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What is a Dental Filling?

Some people experience minor discomfort after a dental filling.
For patients who are apprehensive, dental fillings can be done under conscious sedation.
Silver amalgam is a popular material for filling decayed teeth.
Dentists normally have to drill into a tooth to excise decaying portions of the tooth.
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  • Written By: Tricia Ellis-Christensen
  • Edited By: O. Wallace
  • Last Modified Date: 14 December 2014
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A dental filling is usually a two-part step. It is first the removal of decaying tooth matter, caused by cavities, or alternately, the removal of damaged tooth matter caused by injury. Secondly, the dentist applies different materials, to fill the removed portion of the tooth, which allows the person to have full function of that tooth.

In some cases, tooth decay is so severe, that a crown must be constructed outside of the mouth, which is then fit onto the tooth. This is called indirect restoration. Most commonly, though, the dental filling occurs completely in the mouth, called direct restoration, without need for molds, crowns or bridges to be placed.

The first part of the dental filling is often the most uncomfortable and most dreaded by patients. Dentists normally have to drill into a tooth to get to and excise decaying portions of the tooth. Generally, dentists use novocaine to numb the sensation of having the drill applied to the tooth, but both the sound and smell of the dental drill is enough to cause anxiety in many patients. Some patients have adverse reactions to novocaine, and go without it during drilling. The procedure is described as somewhat to very painful depending upon individual perception.

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A new way of reducing anxiety for people having a dental filling or other dental procedures is called sleeping or sedation dentistry. With certain medications, like versed, a person can be in what is called conscious sedation. They will generally not be conscious during the procedure and usually have no memory of it. Dental filling of teeth with conscious sedation is usually more expensive and not covered by insurance.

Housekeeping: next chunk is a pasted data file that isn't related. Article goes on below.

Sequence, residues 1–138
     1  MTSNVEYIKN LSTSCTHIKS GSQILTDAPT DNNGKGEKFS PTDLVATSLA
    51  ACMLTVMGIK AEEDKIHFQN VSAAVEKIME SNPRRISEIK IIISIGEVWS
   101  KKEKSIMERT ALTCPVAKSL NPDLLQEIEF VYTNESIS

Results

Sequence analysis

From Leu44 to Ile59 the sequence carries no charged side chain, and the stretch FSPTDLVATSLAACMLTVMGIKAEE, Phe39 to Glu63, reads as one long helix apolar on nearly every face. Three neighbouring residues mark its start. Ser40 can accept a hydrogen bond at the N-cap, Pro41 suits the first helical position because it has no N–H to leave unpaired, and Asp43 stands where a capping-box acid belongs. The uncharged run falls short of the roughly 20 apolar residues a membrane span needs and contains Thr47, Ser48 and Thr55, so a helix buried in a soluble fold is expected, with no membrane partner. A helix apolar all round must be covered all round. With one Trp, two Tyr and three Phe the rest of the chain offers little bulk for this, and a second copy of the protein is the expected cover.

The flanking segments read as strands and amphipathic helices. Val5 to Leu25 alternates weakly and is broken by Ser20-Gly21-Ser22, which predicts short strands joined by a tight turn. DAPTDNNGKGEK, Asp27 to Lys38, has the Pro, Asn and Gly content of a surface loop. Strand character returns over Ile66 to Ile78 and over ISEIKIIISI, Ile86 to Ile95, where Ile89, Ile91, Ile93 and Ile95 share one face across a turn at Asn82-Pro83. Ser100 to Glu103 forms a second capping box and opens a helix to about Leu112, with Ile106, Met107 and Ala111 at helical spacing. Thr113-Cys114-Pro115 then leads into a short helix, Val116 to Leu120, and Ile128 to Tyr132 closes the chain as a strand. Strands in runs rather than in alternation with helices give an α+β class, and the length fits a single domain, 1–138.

The easier second half of the dental filling procedure is filling the tooth. Materials for fillings differ. In the US, dental amalgam, and polymer resins are most common. Dental amalgam is made of mercury mixed with metal. Concern about placing mercury into the mouth has been a matter of some debate, since some mercury clearly leeches from the dental filling and is ingested.

This has led some dentists to prefer plastic polymers instead, and some parents to insist on children never receiving a dental filling that contains mercury. As yet, controversy over mercury present in dental amalgam has not subsided. Glass ionomer cements may also be used instead of dental amalgam.

After a dental filling, some people report minor discomfort, once the novocaine wears off. Discomfort may actually derive more from the injection of the novocaine than from the actual dental procedure. Patients may be sent home with instructions for eating soft foods for the remainder of the day, and for avoiding very hot foods while the novocaine remains in effect. By the next day, most people feel no discomfort, and can indulge in any food or drink they like.

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lluviaporos
Post 3

@pleonasm - The longer you put it off, the more expensive it might be. If you happen to be going on vacation anywhere where the dentistry is cheaper (but still safe) maybe try to get it done then? I've heard that major procedures are so much cheaper in some countries that it costs less to buy a plane ticket and get the procedure done, than to just stay home and do it. I doubt that is true for dental fillings, but you never know.

pleonasm
Post 2

@clintflint - As long as the new filling doesn't stop me from being able to use floss or anything like that, it doesn't bother me. I haven't had all that many though, so maybe I've never hit on one that changed my mouth all that much. I generally try to get white dental fillings so that you can't really see them all that well either.

I probably need to go to the dentist and get another one soon, as one of my teeth hurts a bit when I bite into something cold. But it's always so expensive, I tend to put it off longer than I should.

clintflint
Post 1

I absolutely hate having anything done to my teeth because my mouth just feels wrong afterwards. I guess I kind of fiddle with my teeth with my tongue when I'm bored, so I know what they are supposed to feel like and when I get a dental tooth filling it just makes me uncomfortable until I get used to the change.

When I went into the Peace Corps, my dentist insisted on drilling half my mouth just in case I ended up with cavities and it drove me nuts how different it felt.

I don't know if this is the same for everyone or if I'm just strange.

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